The Maine Department of Education has decided to replace the Apple iPads currently in use in schools with notebooks after a statewide survey determined the majority of teachers and students in the state did not want to use the tablet devices in the classroom.
The department announced it will be giving schools a "refresh" that will allow iPads to be replaced with laptops. The move comes at no additional cost to the district. Schools will remain with Apple products and will move from iPads to the new Apple Macbook Air laptops.
Apple originally pitched the idea of using iPads for educational aids to schools after its release in 2010. The tablet, which brings access to textbooks and increased communication to teachers, was offered to students at every grade level, reports Don Reisinger for Fortune.
Despite the recent decision in Maine to abandon the devices, Apple has been touting the value of using the iPad for several years.
In 2011, analyst Piper Jaffray found 100% of schools he analyzed throughout the United States were at least testing the iPad. In addition, one in every five school tech directors said that each of their students should have an iPad in-hand by 2016.
A 2012 study of iPad usage among 266 kindergarten students in Auburn, Maine found an increase in the literacy scores of those students who used the devices. Study results showed an increase on every literacy test among students who used iPads when compared to those who did not.
Apple CEO Tim Cook noted in 2014 that the company would be delivering a variety of products to classrooms across 29 states. The company also pledged $100 million to help disadvantaged students in January 2014 as part of President Barack Obama's ConnectED program.
The iPad has received harsh feedback lately, with Maine's decision being the latest. Although Cook continues to put his belief into the product, demand for the product continues to shrink.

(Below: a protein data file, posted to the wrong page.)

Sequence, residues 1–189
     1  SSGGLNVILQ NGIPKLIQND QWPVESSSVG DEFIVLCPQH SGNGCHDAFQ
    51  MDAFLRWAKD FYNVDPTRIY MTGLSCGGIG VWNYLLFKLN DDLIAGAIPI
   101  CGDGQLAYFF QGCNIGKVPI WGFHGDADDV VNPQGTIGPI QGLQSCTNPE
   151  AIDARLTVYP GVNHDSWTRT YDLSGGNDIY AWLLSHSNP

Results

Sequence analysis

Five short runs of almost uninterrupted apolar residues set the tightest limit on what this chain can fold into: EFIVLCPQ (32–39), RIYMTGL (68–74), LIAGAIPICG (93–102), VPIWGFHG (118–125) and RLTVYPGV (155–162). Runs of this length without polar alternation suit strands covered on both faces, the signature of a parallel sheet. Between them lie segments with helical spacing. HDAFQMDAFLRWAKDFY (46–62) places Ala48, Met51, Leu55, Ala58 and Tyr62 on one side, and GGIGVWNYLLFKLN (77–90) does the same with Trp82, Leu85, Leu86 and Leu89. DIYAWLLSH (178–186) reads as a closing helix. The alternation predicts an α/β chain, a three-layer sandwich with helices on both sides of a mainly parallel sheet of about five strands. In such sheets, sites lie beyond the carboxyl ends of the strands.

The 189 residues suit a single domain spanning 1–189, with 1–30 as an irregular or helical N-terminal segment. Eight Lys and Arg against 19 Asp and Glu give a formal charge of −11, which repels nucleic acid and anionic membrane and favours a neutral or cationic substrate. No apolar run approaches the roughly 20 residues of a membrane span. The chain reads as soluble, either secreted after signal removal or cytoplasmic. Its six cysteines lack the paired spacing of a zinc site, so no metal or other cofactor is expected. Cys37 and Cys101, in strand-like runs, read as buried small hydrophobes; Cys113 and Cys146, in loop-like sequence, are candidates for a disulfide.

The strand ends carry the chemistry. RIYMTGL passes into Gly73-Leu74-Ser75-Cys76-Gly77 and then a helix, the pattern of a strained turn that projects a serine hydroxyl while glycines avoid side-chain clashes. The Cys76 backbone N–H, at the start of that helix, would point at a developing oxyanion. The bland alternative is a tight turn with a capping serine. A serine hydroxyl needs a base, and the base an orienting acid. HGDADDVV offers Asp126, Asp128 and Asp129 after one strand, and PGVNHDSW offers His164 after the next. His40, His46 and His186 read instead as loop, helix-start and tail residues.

A number of surveys performed on iPad usage among students and teachers between seventh and twelfth grade in the state allowed Maine to come to its decision. The results were highest in Auburn, where 88.5% of teachers and 74% of students said the devices should be replaced with notebooks. One teacher commented that many of the students were using the iPads as "toys" and that the devices have "no educational function in the classroom." The teacher also went on to discuss her concerns over the device's capabilities when it came to word processing.
The students appeared to agree, with many of them saying they used iPads to play games but that the tablets were not conducive to classroom work.
According to the report, lower prices offered by Apple on its computers paved the way for the refresh to take place. Mike Muir, head of learning and technology initiatives in Maine, noted that the company was charging $217 per year per student for the 2016-17 school year for each device. Once that time is up, the education board would be charged $248 per student per year.
A similar decision was previously made by the Los Angeles Unified School District, who eventually replaced the majority of their iPads with Windows and Chrome OS-based laptops and convertibles at a cheaper price, reports Brandon Hill for Hot Hardware.